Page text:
* Fore and aft lights with a white light displayed at the back of the boat, visible for a distance of at least two miles. Up front, a red and green light visible for at least one mile. The front green light should be visible from the starboard side and the red from the port side.
* A first aid kit needed in case of an emergency
* Tool kit in case something goes wrong with the motor while you’re on the water
If you spent a lot of time fishing this spring and summer, this would be a good time to get your rods, reels and tackle squared away before putting them away.
Moisture in your reels, tackle and in your tackle bag can do a lot of damage, so before putting your boat and equipment away, make sure that everything is dry.
One of the most important things you’ll need to do is to check your reels drag, as you probably had them set up fairly tight, which means the fiber washers which make up the drag system are together and there’s a good chance that they may be frozen or stuck together.
I like to back off the reels drag, which keeps the washers apart, allowing them to dry off and use-able when next spring arrives.
I have dozens of tackle bags that I store in my shop garage and in my loading dock and if I put them away damp, there’s a chance that you’ll see discoloring on the bag, and the possibility of having mold form.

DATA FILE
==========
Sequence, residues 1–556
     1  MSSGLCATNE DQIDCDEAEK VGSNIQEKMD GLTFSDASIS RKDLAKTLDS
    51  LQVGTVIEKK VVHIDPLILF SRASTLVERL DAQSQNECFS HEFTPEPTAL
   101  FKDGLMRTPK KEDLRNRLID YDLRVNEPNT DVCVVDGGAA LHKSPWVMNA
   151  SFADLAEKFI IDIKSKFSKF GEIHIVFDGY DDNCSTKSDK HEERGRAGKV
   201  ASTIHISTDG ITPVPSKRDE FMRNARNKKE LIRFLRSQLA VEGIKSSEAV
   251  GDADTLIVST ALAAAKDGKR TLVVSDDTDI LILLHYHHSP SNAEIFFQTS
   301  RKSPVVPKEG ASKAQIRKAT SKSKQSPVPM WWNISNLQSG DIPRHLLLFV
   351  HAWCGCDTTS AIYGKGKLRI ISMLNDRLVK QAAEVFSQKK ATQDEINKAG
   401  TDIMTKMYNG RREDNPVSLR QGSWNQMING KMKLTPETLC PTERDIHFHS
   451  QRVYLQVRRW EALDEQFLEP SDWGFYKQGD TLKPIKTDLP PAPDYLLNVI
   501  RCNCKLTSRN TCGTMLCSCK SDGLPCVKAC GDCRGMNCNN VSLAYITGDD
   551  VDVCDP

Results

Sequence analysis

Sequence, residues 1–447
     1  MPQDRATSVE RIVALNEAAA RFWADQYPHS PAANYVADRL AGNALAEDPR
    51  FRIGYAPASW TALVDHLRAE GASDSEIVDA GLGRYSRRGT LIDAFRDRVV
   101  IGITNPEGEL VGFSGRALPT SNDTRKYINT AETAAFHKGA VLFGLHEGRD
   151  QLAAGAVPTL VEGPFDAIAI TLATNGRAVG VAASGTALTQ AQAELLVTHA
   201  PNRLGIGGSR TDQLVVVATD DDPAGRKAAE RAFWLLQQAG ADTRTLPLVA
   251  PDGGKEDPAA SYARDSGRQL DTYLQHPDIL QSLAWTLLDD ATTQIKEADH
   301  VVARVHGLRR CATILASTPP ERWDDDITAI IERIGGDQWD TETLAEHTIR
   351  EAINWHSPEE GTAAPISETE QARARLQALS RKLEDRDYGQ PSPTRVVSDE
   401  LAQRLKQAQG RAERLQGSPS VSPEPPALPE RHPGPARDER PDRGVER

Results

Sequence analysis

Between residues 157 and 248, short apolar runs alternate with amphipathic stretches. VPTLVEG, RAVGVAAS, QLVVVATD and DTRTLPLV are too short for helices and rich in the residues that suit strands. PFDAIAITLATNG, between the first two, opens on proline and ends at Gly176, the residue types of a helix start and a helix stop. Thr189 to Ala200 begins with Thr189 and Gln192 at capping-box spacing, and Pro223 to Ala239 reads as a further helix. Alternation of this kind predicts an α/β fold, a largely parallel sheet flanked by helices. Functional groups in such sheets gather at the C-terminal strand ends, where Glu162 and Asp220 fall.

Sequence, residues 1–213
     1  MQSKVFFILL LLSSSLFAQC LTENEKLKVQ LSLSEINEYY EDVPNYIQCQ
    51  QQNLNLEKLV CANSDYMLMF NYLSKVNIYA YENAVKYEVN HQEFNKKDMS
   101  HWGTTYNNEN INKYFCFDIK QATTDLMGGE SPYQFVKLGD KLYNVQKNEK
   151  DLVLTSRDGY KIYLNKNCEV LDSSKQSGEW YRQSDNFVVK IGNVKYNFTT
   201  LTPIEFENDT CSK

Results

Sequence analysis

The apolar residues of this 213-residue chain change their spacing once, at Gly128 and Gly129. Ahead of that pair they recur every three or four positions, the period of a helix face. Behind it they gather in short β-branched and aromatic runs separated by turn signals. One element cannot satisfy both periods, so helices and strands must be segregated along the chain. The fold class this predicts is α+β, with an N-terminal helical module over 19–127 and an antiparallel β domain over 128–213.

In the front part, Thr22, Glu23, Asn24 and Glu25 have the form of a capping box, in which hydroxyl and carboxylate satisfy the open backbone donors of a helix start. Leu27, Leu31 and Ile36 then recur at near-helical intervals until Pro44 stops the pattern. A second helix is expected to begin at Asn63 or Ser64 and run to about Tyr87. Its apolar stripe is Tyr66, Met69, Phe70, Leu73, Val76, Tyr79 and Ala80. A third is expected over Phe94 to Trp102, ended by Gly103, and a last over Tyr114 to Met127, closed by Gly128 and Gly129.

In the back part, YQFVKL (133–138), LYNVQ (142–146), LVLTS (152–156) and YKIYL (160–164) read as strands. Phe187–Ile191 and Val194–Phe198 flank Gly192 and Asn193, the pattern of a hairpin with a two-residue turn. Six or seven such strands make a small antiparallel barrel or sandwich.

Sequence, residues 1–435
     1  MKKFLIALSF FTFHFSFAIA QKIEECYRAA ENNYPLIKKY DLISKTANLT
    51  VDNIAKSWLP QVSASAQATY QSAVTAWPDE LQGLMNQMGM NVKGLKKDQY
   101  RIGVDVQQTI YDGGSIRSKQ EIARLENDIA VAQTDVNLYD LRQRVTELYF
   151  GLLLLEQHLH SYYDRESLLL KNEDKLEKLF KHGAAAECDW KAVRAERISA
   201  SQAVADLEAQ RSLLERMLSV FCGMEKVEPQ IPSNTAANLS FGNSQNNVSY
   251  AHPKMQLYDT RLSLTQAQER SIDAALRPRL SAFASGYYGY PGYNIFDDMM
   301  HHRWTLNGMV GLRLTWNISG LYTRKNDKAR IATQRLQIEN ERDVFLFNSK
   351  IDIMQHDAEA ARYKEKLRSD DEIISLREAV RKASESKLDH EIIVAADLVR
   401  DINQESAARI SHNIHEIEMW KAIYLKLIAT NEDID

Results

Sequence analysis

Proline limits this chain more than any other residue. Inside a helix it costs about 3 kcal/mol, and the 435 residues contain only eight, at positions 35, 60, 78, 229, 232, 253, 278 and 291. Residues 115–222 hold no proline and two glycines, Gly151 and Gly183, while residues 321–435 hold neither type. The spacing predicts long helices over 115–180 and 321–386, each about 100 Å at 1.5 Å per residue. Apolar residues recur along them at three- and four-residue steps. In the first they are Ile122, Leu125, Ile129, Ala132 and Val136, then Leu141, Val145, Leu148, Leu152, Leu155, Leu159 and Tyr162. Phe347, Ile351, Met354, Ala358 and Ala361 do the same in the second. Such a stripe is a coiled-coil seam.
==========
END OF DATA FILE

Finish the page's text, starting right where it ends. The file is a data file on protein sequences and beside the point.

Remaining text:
To keep this from happening, before I put the bags away, I remove the boxes, wiping them and the tackle bag down, using a clean dry towel.
Not only does this keep mold from forming, by doing this, you tackle bags will look good and last longer.
When anglers are on the water, sometimes you’ll do a lot of bait changing and if you’re like me, I don’t want to waste any time when the fish are biting and just throw my wet baits into my tackle bag and not in the box where they should be and if not put away correctly, it can become a rusty mess.
It doesn’t take long to clean and put loose baits away in their proper place, and if you don’t, leaving them lying loose in the tackle bag, you could have a problem with rust and end up having the lures all knotted up together, so it’s a good idea to empty out your tackle bag, discard those baits that are beyond help and to check, dry any the other loose baits, putting them away so they’ll be easy to find when you need them.
The above items don’t take long to do, and by completing these tasks now, you’ll have everything in order and where it should be for spring fishing.
Gary Howey, a 1968 Watertown graduate, now residing in Hartington, Neb. is a former tournament angler, fishing & hunting guide, an award winning writer, producer, photographer and broadcaster, a recent inductee into the “National Freshwater Fishing Hall of Fame” in 2017. Howey is also the Producer-Co-Host of the Outdoorsmen Adventures television series and Outdoor Adventures radio. If you are looking for more outdoor information, check out garyhoweysoutdoors.com, outdoorsmenadventures.com and like Gary Howey’s Facebook or watch his shows on www.MyOutdoorTV.com